Chao Hick Tin JA

(delivering the grounds of decision of the court):

Introduction

1 This was an application by Nirmal Singh s/o Fauja Singh ( the applicant ) to have his name restored onto the roll of advocates and solicitors of the Supreme Court of Singapore ( the Roll ) pursuant to s 102 (1) of the Legal Profession Act (Cap 161, 2001 Rev Ed) ( LPA ). The applicant was 56 years old and this application was his second since he was struck off the Roll in 1995. We allowed his application and we now give our reasons.

Facts leading up to striking off

2 The applicant joined the Singapore Police Force ( SPF ) in 1977 and served as an officer for more than 11 years. While serving as a Police Officer, he made profitable use of his spare time to read for an external law degree from the University of London. Through determination and hard work, he obtained his degree in 1982. Eventually, he was called to the English Bar. He left the SPF in 1989 and was admitted as an advocate and solicitor of the Supreme Court of Singapore on 8 November 1989. He began his career as a legal assistant in the firm of Amarjit, Rubin & Partners. He then joined Assomull, Pereira & Partners, before moving to the firm of Gurdaib, Cheong & Narmal where he became a partner in July 1993.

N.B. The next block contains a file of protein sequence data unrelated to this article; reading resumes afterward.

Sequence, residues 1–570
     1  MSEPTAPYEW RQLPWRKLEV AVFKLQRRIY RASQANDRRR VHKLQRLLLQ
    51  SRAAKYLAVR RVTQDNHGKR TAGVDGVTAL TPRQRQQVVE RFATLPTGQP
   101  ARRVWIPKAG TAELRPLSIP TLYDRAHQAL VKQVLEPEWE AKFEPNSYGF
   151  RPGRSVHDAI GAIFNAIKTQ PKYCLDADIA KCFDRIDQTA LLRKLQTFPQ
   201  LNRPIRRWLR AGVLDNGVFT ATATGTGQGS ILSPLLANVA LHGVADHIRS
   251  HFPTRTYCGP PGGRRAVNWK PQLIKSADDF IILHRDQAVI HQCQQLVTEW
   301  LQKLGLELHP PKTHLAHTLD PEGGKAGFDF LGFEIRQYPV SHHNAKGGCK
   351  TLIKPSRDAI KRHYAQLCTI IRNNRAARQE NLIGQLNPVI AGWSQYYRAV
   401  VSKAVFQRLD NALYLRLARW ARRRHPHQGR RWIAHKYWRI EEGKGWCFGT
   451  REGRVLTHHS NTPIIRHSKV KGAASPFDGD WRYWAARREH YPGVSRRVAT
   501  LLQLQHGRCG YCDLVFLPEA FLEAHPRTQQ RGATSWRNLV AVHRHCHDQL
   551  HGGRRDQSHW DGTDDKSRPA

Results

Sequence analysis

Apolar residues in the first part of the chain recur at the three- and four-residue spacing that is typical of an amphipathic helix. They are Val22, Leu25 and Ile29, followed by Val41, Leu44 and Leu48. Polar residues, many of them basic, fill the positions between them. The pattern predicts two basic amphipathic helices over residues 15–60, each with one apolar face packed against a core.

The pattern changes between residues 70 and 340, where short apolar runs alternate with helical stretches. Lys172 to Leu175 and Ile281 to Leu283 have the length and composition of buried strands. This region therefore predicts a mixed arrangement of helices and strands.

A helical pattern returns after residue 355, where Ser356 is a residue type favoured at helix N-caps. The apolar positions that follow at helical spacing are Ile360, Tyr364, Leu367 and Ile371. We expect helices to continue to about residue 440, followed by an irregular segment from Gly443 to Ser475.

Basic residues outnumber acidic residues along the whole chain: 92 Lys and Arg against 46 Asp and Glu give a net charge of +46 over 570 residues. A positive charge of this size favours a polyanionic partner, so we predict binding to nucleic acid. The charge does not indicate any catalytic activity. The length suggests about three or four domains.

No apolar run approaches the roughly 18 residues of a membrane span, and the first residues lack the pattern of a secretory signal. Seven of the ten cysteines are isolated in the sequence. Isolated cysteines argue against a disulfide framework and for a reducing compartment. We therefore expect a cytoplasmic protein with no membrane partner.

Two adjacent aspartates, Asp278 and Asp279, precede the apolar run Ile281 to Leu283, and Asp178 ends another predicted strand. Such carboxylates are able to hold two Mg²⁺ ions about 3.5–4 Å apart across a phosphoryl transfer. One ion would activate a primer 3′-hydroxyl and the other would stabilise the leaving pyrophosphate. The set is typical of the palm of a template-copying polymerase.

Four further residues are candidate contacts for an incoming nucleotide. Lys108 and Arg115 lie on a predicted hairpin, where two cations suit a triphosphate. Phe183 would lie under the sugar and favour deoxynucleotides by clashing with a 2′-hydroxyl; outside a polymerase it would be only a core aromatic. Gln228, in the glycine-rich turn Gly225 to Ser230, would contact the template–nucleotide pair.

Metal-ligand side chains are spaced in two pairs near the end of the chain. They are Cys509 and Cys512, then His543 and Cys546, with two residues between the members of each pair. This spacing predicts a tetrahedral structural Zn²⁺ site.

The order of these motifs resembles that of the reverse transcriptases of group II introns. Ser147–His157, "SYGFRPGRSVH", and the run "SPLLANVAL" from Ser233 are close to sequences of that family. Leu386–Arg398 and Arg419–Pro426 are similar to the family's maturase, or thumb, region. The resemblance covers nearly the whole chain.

3 On 3 September 1993, the applicant was convicted of three charges of corruption under the Prevention of Corruption Act (Cap 241, 1993 Rev Ed) ( PCA ) and one charge of criminal breach of trust ( CBT ) under the Penal Code (Cap 224, 1985 Rev Ed). The applicant was found to have corruptly offered gratification of $3,000 to a police officer as an inducement for letting his client off from police investigations into several housebreaking offences. In the process, the court also found that the applicant corruptly solicited and received gratification of $3,000 from his client for his assistance. These three acts formed the basis of the three corruption convictions. As for the CBT charge, the court found that the applicant misappropriated an amount of $500 belonging to his firm, Assomull, Pereira & Partners. In total, the applicant was sentenced to 18 months' imprisonment and fined a sum of $5,000. He paid the fine, served the term of imprisonment, and was released, with the appropriate remission for good conduct, on 19 October 1994.